Read the original story in Chinese at Sing Tao Daily
Translated and condensed by Rong Xiaoqing
Despite loud chants of “no more luxury residential buildings” from opponents, Queens Community Board 7 approved a rezoning plan that would green light a waterfront development project by creating a Special Flushing Waterfront District, passing the measure by a 30-to-8 vote at its meeting Monday night.
As part of the Flushing waterfront revitalization plan, the development project would build a complex of nine buildings in a patch of 40 acres dubbed the “Special Flushing Waterfront District” bound by 40th Road on the South, 36 Avenue on the North, College Point Avenue on the East and Flushing Creek on the West. The complex of 1.39 million square feet of mixed-use buildings would include 1,725 apartments as well as retail shops, hotels and offices. It would also provide 1,533 parking spots and 3.14 acre of public space.
The vote triggered anger from many community organizations. Flushing for Equitable Development and Urban Planning, a coalition of local groups that formed to fight the rezoning, said in a statement that the Uniform Land Use Review Procedure (ULURP), the process which the project must go through to receive approval, is lacking when it comes to transparency and public engagement, and shows little commitment to the community. The statement said that what Flushing needs is not luxury residential buildings but senior centers, schools, libraries and affordable housing.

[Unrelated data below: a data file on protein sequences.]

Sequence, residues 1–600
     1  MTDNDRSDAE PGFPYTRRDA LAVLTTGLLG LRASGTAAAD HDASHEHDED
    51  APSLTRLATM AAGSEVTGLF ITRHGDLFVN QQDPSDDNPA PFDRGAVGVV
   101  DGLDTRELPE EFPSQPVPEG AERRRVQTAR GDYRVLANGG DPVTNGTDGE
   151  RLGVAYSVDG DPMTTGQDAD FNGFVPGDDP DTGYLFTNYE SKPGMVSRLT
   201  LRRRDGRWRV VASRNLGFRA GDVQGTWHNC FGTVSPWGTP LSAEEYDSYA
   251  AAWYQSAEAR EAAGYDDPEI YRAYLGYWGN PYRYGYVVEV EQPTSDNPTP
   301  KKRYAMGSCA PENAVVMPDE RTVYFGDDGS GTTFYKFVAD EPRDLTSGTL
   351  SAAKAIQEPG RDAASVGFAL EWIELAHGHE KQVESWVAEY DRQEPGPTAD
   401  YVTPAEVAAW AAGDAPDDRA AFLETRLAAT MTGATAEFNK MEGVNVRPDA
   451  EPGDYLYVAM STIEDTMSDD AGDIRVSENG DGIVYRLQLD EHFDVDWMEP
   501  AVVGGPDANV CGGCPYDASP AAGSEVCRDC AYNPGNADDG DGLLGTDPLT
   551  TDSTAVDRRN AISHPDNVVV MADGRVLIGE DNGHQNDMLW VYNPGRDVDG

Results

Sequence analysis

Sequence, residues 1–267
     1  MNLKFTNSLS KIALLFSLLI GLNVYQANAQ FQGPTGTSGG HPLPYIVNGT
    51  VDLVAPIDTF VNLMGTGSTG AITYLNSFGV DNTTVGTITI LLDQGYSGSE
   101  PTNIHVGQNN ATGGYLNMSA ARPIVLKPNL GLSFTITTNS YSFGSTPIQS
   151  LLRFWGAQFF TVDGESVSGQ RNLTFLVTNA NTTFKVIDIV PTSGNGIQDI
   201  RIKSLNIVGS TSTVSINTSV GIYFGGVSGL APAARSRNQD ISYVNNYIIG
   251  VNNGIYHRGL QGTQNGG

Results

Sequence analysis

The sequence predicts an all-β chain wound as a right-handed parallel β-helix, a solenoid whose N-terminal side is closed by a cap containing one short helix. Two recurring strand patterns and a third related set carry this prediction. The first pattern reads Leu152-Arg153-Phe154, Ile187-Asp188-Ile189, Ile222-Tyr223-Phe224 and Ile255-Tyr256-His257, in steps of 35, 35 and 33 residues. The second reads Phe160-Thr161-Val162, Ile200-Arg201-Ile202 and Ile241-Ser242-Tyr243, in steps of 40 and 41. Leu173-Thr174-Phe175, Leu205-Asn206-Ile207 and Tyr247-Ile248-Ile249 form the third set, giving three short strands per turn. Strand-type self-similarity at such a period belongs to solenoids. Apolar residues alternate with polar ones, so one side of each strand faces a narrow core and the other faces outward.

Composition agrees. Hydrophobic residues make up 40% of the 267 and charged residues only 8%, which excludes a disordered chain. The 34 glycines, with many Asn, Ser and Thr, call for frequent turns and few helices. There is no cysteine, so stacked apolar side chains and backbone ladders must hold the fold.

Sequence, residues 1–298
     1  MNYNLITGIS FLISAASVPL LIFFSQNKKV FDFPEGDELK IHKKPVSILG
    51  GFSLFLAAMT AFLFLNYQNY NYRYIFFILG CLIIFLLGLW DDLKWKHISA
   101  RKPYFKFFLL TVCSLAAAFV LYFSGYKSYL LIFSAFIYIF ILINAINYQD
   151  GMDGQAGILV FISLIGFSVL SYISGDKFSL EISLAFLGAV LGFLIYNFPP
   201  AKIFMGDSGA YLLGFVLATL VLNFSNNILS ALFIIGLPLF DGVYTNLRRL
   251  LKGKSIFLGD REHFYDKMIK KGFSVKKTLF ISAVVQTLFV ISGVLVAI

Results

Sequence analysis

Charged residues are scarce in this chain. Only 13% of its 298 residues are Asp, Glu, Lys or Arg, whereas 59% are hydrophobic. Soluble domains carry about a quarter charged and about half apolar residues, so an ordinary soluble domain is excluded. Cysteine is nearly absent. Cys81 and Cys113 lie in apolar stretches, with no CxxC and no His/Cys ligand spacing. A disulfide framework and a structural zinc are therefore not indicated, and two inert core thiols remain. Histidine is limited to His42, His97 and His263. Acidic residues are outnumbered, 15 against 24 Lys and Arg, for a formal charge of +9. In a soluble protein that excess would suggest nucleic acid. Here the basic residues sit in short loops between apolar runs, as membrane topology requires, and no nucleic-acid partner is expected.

Seonae Byeon, housing organizer at the MinKwon Center, said rapidly rising rents have already left many businesses and residents in Flushing struggling, and it is increasingly hard for low-income people and new immigrants to survive here. The waterfront development project would push them further to the edge.
Congresswoman Grace Meng also raised issues about the project and called for resolving those problems before the plan is voted on by the City Council.
“There are many questions that must still be answered about this project. I have a number of concerns and priority areas that must be better addressed including: the low percentage of affordable housing units; the need to ensure the highest environmental standards and public access for Flushing Creek; a commitment to hire locally with family-sustaining wages and the use of union labor,” Meng in a statement. “[Flushing’s] future growth and success must include the needs of area residents …With this proposal being such a major project for the area, it is critical that the process not be rushed.”
Claire Shulman, former Queens borough president and an enthusiastic promoters of the project, said the development would revitalize the area by re-utilizing the land, storage and buildings that have been left idle, creating a 40-acre waterfront belt that connects Flushing, Willets Point and Corona.
The city’s Uniform Land Use Review Procedure allows the Queens borough president to make a recommendation about the project within 30 days of the community board’s vote. The City Planning Commission will then have up to 60 days to vote on it, followed by the City Council, which has 50 days to review and vote on the project before the mayor can take up to five days to make his decision.